LATVIA’S NEW GOVERNMENT TAKES OFFICE.
Publication: Monitor Volume: 6 Issue: 91
A new Latvian government, headed by Latvian Way’s Andris Berzins, was voted in by the parliament on May 5 and took office the following day. It is a four-party, right-of-center coalition holding sixty-nine of 100 parliamentary seats, consisting of the conservative People’s Party, the right-of-center Latvia’s Way, the right-wing Fatherland and Freedom and the centrist New Party. The left-of-center Social Democratic Workers’ Party and the leftist, pro-Russian bloc For Human Rights in a United Latvia voted against the government’s composition and program.
The new government replaces that headed by People’s Party leader Andris Skele, which collapsed on April 12 amid two political scandals after only nine months in office: one scandal related to the privatization of industry, the other to the sex industry (see the Monitor, April 14). Skele, moreover, came to be perceived as a would-be authoritarian leader and saw his personal popularity nosedive in the public opinion surveys. The cabinet put together by Andris Berzins rests–as usual in Latvian politics–on delicately balanced arrangements among the coalition’s parties. The three large parties in the coalition are the same ones which had formed the Skele government. Latvia’s Way and the People’s Party have agreed on coopting the New Party in the coalition as a safeguard against any unpredictable moves by their partner, Fatherland and Freedom, which had precipitated a conflict over privatization within the Skele government. In the new government, the People’s Party holds five cabinet posts, Latvia’s Way four posts including the prime ministership, Fatherland and Freedom also four, and the People’s Party two cabinet posts. While including the People’s Party raises the government’s majority in parliament from sixty-one to sixty-nine seats, it would also enable the new government to retain a working majority of fifty-three seats in the event of defection by Fatherland and Freedom.
Prime Minister Andris Berzins, until now the mayor of Riga, is ranked in public opinion surveys as Latvia’s most popular politician. Latvia’s foreign partners will find Foreign Affairs Minister Indulis Berzins (Latvia’s Way) and Defense Minister Girts Kristovskis (Fatherland and Freedom) continuing in their posts while former Finance Minister Roberts Zile (Fatherland and Freedom) is the special minister for cooperation with international financial institutions. The government’s program underscores continuity and consistency in foreign policy, with integration in the European Union and NATO as its top priorities. Its internal program envisages completing the privatization of LASCO (Latvian Shipping Company), the Latvenergo electricity concern, the Ventspils Nafta oil transit company and the Lattelekoms telecommunications concern, under conditions of transparency and with the assistance of reputable foreign investment banks; enhancing the government’s accountability to the public; and addressing the sex scandal through curbing the sex industry and establishing an effective vice squad.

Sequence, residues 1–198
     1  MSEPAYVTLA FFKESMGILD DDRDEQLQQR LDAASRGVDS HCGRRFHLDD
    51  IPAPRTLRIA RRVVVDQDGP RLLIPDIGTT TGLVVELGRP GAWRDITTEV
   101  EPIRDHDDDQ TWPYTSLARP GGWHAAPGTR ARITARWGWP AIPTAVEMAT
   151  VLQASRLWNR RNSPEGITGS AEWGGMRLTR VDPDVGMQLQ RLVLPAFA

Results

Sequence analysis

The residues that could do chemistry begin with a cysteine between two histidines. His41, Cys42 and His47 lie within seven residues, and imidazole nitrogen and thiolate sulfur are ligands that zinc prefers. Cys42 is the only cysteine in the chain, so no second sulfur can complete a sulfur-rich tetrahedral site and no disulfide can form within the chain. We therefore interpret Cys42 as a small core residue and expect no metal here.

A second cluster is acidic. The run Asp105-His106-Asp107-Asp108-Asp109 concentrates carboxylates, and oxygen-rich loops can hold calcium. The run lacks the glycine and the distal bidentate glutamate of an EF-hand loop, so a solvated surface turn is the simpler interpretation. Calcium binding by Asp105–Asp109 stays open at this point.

In statements which accompanied the forming of the new government, President Vaira Vike-Freiberga and some of the country’s leading politicians have listed a number of chronic political problems which they expect the new government to remedy. Those problems include frequent changes of the cabinet, the lifetime of any one of which averaging barely a year; the tendency of some parties–in Vike-Freiberga’s words–to “turn the government into a battlefield of economic groupings;” a decline in public confidence in politicians and even in the political system as such; and a poor job by successive governments in building popular support for market reforms and an informed acceptance of the reforms’ immediate social costs. Skele, the outgoing prime minister, scathingly told his party’s congress–on the day when the new government took office–that Latvian politics resembles “a muddy ditch which needs to be cleaned, shovel in hand.”
Parliament Chairman Janis Straume (Fatherland and Freedom) also offered a highly critical, indeed self-critical assessment of the political situation from within the governing establishment. Addressing the legislature’s special session on May 4, the tenth anniversary of the declaration which restored Latvia’s independence, Straume deplored “the countless disputes among state institutions, cases of unlawful conduct, scandals, official corruption, legal nihilism–all of which indicate that state authorities have lost contact with society…. Political parties need to keep in mind that they represent public interests, not just partisan interests” (BNS, Riga Radio, May 4-6).
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